My name is Dave Bowes and I suffered a traumatic brain injury 7 years ago when a car pulled out in front of my motorbike. As you can imagine, my life has never been the same since.
My wife and I lived down south at the time and after 4 years of not getting the right help from the NHS, and running out of money we moved to the Wirral to live with her parents.
It was then that we attended a Headway drop in session. To say that I was overwhelmed in every sense is an understatement. In fact I quickly ran next door to the children’s library and hid in a toy house! Put simply my symptoms were not under control and I panicked being in a busy situation.
But thanks to Headway putting me in touch with the Acquired Brain Injury Unit for therapy I eventually returned to the drop in sessions almost unrecognisable in my ability to deal with everything that was too much before.
I attended sessions as often as I could in between getting back in to rock climbing as a form of physical rehab.
Earlier this year I decided that I had got to a certain level of recovery where my issues were not getting any better but I was at least able to control them. It was then I wondered what I could do with my life. I decided to give back to the charity that gave so much to me.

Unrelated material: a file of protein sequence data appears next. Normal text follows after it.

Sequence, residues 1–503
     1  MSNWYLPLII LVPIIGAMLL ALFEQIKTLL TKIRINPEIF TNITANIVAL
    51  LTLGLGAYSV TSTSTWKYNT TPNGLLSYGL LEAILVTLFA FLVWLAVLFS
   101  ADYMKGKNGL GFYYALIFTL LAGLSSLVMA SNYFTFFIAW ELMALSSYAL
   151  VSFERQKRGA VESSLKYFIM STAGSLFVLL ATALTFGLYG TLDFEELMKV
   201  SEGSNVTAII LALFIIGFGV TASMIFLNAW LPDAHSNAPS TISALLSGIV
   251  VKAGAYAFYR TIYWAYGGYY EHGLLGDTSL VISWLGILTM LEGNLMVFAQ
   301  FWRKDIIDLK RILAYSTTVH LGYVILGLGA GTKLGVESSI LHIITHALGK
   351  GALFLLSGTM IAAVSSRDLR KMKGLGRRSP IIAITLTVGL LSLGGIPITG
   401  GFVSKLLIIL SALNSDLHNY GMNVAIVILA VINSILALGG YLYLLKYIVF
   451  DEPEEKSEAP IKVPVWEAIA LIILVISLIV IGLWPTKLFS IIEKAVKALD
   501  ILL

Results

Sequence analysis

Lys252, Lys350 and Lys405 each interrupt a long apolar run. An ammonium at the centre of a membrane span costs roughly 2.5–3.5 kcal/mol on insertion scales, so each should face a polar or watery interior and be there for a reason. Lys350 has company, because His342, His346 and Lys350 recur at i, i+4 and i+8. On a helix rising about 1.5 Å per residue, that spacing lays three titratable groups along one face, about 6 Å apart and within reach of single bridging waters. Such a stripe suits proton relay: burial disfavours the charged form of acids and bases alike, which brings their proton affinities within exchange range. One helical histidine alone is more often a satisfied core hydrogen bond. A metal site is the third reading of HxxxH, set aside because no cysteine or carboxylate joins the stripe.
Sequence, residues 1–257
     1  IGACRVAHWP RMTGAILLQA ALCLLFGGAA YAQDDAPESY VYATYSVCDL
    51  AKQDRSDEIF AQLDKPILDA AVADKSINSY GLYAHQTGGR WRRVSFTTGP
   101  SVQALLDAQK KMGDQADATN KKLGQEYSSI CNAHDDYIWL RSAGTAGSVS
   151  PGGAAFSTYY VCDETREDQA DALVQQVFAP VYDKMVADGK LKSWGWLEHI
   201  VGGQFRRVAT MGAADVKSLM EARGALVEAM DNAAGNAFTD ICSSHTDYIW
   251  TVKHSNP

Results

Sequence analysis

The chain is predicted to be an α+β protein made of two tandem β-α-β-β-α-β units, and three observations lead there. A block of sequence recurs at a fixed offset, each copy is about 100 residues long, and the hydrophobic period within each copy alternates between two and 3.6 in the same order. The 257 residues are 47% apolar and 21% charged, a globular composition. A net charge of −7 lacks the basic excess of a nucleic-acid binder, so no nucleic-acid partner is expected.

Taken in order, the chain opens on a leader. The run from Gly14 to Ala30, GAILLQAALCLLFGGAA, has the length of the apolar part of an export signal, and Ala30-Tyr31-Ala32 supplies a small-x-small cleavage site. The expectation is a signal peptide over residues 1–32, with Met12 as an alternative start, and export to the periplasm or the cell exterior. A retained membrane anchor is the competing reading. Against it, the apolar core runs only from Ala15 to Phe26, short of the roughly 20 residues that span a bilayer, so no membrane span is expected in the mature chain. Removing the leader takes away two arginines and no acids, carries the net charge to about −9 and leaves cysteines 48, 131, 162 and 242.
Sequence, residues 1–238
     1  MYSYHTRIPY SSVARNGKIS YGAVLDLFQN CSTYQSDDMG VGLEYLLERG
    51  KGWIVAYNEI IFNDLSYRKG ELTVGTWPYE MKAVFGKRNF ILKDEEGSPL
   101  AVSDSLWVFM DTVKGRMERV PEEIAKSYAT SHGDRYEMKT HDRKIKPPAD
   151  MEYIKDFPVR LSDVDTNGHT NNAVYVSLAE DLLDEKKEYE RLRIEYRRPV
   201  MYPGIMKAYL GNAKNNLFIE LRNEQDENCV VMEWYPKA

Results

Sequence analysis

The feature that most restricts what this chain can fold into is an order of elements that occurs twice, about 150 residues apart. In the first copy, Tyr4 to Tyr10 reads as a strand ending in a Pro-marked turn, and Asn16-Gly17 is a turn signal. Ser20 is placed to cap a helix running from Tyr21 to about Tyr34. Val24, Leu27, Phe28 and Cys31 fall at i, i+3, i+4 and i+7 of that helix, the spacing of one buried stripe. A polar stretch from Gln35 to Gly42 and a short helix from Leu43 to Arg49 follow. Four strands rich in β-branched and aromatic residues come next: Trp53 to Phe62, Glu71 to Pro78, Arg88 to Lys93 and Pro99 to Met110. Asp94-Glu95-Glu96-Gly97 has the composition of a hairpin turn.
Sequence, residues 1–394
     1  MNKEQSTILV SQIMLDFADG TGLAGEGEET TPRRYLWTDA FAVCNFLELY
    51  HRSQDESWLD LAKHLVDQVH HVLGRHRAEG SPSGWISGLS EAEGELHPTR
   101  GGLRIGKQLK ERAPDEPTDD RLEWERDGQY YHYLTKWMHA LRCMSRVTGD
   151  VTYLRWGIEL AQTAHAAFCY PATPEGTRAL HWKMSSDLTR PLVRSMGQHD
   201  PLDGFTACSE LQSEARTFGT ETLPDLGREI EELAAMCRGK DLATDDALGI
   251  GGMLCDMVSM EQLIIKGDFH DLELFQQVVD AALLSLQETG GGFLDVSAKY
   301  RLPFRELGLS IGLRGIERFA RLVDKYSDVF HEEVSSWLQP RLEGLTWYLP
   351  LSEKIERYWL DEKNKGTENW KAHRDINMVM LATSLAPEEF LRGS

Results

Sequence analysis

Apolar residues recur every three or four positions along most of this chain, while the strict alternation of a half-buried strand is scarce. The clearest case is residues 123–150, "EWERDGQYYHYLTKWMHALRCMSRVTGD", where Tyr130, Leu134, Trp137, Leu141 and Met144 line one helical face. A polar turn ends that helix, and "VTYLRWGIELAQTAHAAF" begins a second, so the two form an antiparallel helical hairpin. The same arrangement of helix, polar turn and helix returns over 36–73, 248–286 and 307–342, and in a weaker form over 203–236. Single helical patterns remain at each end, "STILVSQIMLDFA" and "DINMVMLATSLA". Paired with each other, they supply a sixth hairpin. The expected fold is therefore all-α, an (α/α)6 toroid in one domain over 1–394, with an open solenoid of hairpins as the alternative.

I wanted to make people aware at the great help and community that Headway provide whilst also fighting the stigma attached to hidden disabilities. I have been on the receiving end of the latter countless time but hey – I don’t look disabled right? So what right do I have to pretend I am? This needed to change!
I entered the National Paraclimbing Series and I became British Champion in my category. I was then invited to represent Great Britain in the World Cup winning 2 silvers, a bronze and also placed 4th in the World Championship.
These achievements gave me the spotlight in the public eye to start to get my message across. I’m here today aren’t I?
Following on from this I was persuaded to enter the able bodies British Ice Climbing Series in the hopes of starting a para-ice climbing team.
I’d never tried ice climbing before, or the indoor version but decided if I was going to do a job I’d do it right and try everything.
I came a very surprised 3rd, once again being invited onto a GB team. This time as an able bodied athlete.
For me this is all the more empowering as I hope it gives out a message that the seemingly impossible can be achieved with the right support and determination.
Getting the right specialist help from organisations and people who are experienced and know what they are doing is so important – and the best ones will work together to get the best possible help for you.